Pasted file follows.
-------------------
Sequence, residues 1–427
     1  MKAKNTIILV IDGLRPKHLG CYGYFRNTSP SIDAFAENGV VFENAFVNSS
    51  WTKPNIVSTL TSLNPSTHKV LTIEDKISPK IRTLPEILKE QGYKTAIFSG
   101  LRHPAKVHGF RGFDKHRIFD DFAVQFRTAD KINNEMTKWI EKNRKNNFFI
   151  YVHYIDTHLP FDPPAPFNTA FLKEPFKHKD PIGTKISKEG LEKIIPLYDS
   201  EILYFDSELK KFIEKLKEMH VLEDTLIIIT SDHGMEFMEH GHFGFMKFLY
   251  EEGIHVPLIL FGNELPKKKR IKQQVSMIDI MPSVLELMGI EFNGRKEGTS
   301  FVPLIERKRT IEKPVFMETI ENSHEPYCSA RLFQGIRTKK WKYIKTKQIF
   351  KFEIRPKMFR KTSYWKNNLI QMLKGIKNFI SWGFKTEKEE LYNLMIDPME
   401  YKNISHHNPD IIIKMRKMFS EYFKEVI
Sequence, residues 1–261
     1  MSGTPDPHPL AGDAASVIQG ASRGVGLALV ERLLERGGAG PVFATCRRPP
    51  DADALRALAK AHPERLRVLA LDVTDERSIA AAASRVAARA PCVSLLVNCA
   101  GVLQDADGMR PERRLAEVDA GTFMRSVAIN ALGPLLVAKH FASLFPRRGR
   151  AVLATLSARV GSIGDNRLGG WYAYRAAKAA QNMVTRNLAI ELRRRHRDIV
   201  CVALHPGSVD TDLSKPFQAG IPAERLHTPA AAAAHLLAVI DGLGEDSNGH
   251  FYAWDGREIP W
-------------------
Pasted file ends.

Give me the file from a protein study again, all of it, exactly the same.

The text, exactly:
Sequence, residues 1–427
     1  MKAKNTIILV IDGLRPKHLG CYGYFRNTSP SIDAFAENGV VFENAFVNSS
    51  WTKPNIVSTL TSLNPSTHKV LTIEDKISPK IRTLPEILKE QGYKTAIFSG
   101  LRHPAKVHGF RGFDKHRIFD DFAVQFRTAD KINNEMTKWI EKNRKNNFFI
   151  YVHYIDTHLP FDPPAPFNTA FLKEPFKHKD PIGTKISKEG LEKIIPLYDS
   201  EILYFDSELK KFIEKLKEMH VLEDTLIIIT SDHGMEFMEH GHFGFMKFLY
   251  EEGIHVPLIL FGNELPKKKR IKQQVSMIDI MPSVLELMGI EFNGRKEGTS
   301  FVPLIERKRT IEKPVFMETI ENSHEPYCSA RLFQGIRTKK WKYIKTKQIF
   351  KFEIRPKMFR KTSYWKNNLI QMLKGIKNFI SWGFKTEKEE LYNLMIDPME
   401  YKNISHHNPD IIIKMRKMFS EYFKEVI
Sequence, residues 1–261
     1  MSGTPDPHPL AGDAASVIQG ASRGVGLALV ERLLERGGAG PVFATCRRPP
    51  DADALRALAK AHPERLRVLA LDVTDERSIA AAASRVAARA PCVSLLVNCA
   101  GVLQDADGMR PERRLAEVDA GTFMRSVAIN ALGPLLVAKH FASLFPRRGR
   151  AVLATLSARV GSIGDNRLGG WYAYRAAKAA QNMVTRNLAI ELRRRHRDIV
   201  CVALHPGSVD TDLSKPFQAG IPAERLHTPA AAAAHLLAVI DGLGEDSNGH
   251  FYAWDGREIP W